The CSA model has, of course, been adapted and modified. My opinion is that if a farm were to exist as a "true" CSA, they would have to have well over 100 members. Most people, in my experience, balk at more than $500 for a season's worth of produce, so, if you get 100 $500 shares, that's still only $50,000. If that's your only source of income, and it's your gross, it's not going to work: out of that, you have to pay the mortgage pay labour pay utilities buy seed amortize implements buy fuel and so forth. Even 200 shares at that price don't give you a real living once you've accounted for all the costs (and the thought of direct contact with 200 households on a weekly basis makes me sweat. How would you know all their names? They'd have a right to have you know them, after all, because one of the things they bought is the personal contact). Realistically, Lorenz estimates 400 households for a CSA to be fair to both consumers and farmers.
Thus, there are many versions of hybrids. There are those who have a medium-sized CSA but also produce for wholesale or farmers' markets - in that case, though, you don't share in the bounty of bumper crops as much, since they'll go to the wholesalers. Similarly, you don't experience failed crops as much - if the yield is very low, the farmer likely will give what he does have to his members, and there is no wholesale profit. So the "S" in CSA becomes a bit less, but still: you have a pot of money to tide you over until you also get wholesale money or returns from farmers' markets once harvest starts. Seems like an ideal solution.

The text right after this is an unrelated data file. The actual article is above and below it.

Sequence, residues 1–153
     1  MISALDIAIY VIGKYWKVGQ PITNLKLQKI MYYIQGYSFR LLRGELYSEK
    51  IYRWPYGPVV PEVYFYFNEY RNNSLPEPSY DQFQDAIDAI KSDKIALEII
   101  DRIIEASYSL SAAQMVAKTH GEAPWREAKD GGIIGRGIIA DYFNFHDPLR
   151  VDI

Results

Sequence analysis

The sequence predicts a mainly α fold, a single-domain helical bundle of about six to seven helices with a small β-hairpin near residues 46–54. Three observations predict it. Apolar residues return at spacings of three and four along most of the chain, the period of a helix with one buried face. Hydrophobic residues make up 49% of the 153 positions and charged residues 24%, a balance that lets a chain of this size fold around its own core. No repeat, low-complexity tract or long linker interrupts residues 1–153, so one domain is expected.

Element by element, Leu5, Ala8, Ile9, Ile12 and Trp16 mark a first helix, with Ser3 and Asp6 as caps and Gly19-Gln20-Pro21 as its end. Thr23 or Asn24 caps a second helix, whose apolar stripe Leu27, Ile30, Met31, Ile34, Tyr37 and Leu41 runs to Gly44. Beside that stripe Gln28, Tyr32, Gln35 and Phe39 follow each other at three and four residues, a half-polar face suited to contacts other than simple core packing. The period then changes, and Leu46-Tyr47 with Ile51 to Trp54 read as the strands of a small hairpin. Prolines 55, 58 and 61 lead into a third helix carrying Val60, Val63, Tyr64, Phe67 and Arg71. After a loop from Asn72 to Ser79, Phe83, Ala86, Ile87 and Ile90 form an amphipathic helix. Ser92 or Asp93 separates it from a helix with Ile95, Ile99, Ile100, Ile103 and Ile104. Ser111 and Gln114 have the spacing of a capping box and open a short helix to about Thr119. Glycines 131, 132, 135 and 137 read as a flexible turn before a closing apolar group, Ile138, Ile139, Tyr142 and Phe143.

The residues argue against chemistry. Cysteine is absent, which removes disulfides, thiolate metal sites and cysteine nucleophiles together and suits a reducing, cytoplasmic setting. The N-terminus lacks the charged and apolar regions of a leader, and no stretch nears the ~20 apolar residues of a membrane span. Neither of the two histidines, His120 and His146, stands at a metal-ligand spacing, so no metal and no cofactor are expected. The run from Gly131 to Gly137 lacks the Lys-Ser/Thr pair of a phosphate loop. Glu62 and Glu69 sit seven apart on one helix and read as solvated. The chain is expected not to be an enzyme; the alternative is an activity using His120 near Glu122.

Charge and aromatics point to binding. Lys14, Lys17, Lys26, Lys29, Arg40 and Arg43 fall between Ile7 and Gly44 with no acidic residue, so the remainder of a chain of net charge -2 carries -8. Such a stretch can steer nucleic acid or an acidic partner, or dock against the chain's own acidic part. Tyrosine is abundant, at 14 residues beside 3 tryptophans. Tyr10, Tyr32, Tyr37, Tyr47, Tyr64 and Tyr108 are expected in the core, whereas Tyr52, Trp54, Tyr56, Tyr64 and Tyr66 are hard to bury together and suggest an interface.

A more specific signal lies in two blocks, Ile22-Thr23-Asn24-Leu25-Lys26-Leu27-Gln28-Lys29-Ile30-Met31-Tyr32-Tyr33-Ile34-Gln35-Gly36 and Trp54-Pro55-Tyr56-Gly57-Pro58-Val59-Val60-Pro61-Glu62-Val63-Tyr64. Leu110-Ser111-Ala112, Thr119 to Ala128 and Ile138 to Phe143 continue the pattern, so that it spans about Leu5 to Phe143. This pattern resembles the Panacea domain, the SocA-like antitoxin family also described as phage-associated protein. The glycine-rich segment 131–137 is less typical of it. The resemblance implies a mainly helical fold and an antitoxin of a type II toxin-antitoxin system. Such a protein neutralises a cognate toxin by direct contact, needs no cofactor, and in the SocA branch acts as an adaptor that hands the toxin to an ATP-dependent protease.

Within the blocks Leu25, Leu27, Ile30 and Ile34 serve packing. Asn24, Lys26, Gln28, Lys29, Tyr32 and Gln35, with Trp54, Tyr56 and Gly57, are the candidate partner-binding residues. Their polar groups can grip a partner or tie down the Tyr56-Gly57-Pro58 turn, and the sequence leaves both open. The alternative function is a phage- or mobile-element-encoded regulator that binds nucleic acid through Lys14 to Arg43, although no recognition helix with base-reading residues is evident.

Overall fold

But even that hybrid model has potential pitfalls: now, you've started spreading yourself thin. If people buy their season's worth of vegetables from you, they don't expect that the entire season will consiste of kale, rutabags and carrots: they expect the same variety that they see among in-season produce in the grocery store. So you end up producing 40 or more different vegetables, and killing the economies of scale that you'd need for wholesale. It just doesn't make sense to have half a row of this and half a row of that, not from an efficiency standpoint. In addition, by having a medium-sized CSA, you're still in the situation where you have to have the energy to deal with people every week (people are not bad, having people come to your farm isn't bad, but it takes time to do it right). You have to set the CSA up, you have to manage it, and you have to cultivate personal contact. That can be hard to do when you have 100 things going on.